So if there is any encouragement in Christ, any comfort from love, any participation in the Spirit, any affection and sympathy, complete my joy by being of the same mind, having the same love, being in full accord and of one mind. Do nothing from rivalry or conceit, but in humility count others more significant than yourselves. Let each of you look not only to his own interests, but also to the interests of others. Have this mind among yourselves, which is yours in Christ Jesus, ...
I can do all things through Him who strengthens me.
I did not intend on writing about St Patrick for two days in a row, however, as I was reading and researching about Patrick’s life I found that I was challenged and encouraged by his story. I find there are many similarities between Patrick’s life and the Biblical story of Daniel we have been looking at. Both of their stories begin in the teenage years, both were deeply devoted and surrendered to God, both lived their lives with a knowledge and faith in the sovereignty of God. What I find with Patrick’s story is what I find in Daniel’s story, that their experiences, the ups and downs, the twist and turns, are all signs that point to God, not to themselves. Daniel may have a book in the Bible named after him, but the content of that Book is all about God. Patrick’s life reveals the same, God did it.
I want to touch on a few things that I found helpful and a challenge to me about Patrick’s story.
Saint Patrick was a huge success where other missionaries were not. Because of his time in slavery, Patrick was intimately familiar with the Irish culture: the Celtic language, the pagan Druid practices and beliefs, and the extensive clan system. Because of this, he devised a new strategy to share the Gospel. He approached the clan chiefs first, including his former abusive master, who was a high Druidic priest. He knew that if the chiefs chose to listen to the Good News of God’s love and came to believe, the rest of their clan would trust the message and quickly follow suit. It worked, and—in large part thanks to Saint Patrick’s approach—Ireland soon became one of the most fervent Christian nations in the world and even sent missionaries from Ireland to other areas in Europe and the Roman Empire.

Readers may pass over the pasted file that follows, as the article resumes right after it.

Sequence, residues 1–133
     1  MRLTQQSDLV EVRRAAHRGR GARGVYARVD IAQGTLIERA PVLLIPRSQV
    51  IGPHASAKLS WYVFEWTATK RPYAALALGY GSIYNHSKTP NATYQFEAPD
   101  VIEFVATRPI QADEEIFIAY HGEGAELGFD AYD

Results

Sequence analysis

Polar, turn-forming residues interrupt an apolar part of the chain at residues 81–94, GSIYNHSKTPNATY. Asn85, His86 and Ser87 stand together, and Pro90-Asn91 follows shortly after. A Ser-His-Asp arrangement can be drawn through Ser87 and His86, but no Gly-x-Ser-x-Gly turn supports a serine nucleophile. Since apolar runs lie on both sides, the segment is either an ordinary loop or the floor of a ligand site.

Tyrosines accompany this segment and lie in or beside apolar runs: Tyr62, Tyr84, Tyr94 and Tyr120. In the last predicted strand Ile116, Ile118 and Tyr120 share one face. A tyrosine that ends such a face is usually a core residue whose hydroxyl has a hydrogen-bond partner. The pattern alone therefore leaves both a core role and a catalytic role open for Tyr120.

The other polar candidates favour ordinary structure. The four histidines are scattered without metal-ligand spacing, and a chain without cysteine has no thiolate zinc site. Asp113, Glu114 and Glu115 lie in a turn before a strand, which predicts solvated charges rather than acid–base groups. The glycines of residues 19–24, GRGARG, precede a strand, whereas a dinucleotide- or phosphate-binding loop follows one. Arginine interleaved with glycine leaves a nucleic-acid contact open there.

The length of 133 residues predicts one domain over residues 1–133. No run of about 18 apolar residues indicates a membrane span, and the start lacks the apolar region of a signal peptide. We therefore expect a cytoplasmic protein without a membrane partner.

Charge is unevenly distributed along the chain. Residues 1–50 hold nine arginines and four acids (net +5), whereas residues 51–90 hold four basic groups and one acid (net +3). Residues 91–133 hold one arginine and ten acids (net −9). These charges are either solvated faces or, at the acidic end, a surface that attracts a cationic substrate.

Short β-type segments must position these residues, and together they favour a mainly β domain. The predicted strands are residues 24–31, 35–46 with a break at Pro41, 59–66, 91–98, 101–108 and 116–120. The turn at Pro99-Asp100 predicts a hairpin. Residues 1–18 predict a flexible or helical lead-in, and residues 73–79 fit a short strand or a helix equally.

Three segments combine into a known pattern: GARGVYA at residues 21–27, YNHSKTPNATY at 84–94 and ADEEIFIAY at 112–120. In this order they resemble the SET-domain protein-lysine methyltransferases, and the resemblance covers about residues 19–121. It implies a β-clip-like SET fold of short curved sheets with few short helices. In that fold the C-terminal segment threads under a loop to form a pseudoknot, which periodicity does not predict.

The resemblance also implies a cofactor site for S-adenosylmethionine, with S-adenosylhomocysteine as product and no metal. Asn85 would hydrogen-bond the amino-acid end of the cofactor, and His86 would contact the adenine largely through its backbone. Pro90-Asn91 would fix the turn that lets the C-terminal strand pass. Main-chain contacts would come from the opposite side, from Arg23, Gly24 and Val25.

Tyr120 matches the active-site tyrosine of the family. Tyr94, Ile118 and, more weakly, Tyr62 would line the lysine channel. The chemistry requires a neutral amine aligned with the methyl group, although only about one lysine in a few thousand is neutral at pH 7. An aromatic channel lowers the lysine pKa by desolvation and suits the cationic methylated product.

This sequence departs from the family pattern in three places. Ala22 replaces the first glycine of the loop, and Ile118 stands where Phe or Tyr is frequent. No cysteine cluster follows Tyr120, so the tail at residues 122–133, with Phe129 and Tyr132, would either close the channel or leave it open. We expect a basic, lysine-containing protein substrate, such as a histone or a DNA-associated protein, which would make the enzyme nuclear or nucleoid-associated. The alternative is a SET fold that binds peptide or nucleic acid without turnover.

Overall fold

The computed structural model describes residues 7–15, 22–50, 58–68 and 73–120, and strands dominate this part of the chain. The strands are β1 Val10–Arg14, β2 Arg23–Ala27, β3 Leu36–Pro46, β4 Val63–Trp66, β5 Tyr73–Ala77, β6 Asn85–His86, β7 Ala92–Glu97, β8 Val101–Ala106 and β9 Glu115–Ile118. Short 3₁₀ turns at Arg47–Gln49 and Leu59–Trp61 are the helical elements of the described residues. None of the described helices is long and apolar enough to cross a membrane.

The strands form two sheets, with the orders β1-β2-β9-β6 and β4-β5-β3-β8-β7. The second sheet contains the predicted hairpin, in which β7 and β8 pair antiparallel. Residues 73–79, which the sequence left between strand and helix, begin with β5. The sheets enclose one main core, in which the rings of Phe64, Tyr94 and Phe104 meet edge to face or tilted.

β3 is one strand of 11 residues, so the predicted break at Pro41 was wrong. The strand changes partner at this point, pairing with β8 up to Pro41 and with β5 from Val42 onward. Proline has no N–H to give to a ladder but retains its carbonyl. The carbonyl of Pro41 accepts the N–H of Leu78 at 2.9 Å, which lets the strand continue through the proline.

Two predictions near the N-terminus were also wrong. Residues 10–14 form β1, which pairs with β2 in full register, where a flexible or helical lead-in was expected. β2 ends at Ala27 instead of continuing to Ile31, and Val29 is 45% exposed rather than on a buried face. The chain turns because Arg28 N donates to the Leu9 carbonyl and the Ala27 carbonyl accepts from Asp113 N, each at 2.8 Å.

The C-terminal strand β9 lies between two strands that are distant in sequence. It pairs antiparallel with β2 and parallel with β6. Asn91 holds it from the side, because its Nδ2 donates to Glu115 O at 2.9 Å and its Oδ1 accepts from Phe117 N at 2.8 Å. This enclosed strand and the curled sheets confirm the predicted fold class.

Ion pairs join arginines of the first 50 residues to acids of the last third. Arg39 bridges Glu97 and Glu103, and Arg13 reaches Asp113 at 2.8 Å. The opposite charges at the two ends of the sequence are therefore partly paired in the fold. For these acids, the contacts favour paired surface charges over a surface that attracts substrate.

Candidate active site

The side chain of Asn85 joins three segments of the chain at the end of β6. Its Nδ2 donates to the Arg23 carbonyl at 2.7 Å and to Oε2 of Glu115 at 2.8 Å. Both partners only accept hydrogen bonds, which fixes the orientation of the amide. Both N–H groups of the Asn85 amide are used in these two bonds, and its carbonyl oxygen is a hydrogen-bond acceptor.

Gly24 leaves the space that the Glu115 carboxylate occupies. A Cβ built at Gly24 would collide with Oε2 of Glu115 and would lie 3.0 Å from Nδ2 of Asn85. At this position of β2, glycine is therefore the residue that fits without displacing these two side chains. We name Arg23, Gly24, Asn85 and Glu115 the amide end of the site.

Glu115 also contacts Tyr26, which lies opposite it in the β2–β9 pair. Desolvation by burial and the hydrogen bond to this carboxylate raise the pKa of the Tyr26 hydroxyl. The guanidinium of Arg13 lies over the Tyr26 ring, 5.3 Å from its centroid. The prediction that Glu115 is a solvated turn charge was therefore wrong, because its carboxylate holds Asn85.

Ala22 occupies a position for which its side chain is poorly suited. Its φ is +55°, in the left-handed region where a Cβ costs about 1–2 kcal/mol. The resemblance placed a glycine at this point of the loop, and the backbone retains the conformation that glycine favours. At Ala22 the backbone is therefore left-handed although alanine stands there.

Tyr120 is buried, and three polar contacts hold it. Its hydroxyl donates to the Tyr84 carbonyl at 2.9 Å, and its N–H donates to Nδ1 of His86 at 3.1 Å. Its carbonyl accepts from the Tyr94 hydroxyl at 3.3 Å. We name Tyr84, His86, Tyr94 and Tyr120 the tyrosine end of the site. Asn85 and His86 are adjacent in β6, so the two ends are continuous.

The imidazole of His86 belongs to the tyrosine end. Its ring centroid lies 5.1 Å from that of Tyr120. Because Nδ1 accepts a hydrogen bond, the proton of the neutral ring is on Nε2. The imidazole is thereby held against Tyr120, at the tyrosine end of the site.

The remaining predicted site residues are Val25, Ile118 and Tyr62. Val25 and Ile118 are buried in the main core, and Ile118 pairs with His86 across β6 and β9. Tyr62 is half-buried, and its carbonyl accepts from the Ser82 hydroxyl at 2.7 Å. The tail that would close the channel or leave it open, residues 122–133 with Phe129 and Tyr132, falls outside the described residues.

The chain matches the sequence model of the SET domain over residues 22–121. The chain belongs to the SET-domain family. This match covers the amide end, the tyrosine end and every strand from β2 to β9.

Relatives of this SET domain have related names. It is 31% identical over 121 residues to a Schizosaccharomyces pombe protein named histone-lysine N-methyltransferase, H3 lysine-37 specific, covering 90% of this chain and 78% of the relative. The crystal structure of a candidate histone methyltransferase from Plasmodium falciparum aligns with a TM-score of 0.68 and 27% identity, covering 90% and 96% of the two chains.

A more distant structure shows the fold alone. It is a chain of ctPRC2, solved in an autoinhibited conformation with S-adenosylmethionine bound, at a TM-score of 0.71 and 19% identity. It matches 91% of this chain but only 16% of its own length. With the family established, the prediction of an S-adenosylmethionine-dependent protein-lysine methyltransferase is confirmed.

Learning about his life and ministry in the fifth century continues to inform us today. Notice that out of what must have been a traumatic experience in slavery, God used the experience later in Patrick’s life to make him a blessing. We also see in this part of Patrick’s story the importance of knowing your culture, community, and neighbors.
I find that we are living in a world where we tend to demonize those who disagree with us and therefore struggle to connect with those who live and believe differently. Just look at what happens in politics in North America, notice this as well among members of the body of Christ, not everyone would agree with me on this, but I am deeply grieved when I read about “cancel culture” within the community of Jesus. Don’t listen to this preacher, don’t support this ministry, don’t sing songs from these churches.
I find several attitudes in Patrick that can guide our lives in as followers of Jesus. Here are a few:
Love God and love your enemies.
In his autobiography, Confession, Patrick described how his faith grew during captivity as a young adult. “More and more the love and fear of God came to me, and faith grew and my spirit was exercised, until I was praying up to a hundred times every day and in the night nearly as often.” This wasn’t simply a private love for God; it produced a love for his enemies as well. One biographer writes of Patrick that he “came to love his captors, to identify with them and to hope for their reconciliation to God.” Isn’t that beautiful?
Patrick embodied Jesus’ command in Matthew 5 to “love your enemies and pray for those who persecute you.” It is easy to go online in groups and "shout" down those who disagree with us, Patrick shows us the impact we can make when we love those who are against us.
Follow your calling.
At age 48 (which was past the life expectancy then), Patrick had a vision which he describes in his autobiography. I did mention this yesterday but I believe it bears repeating.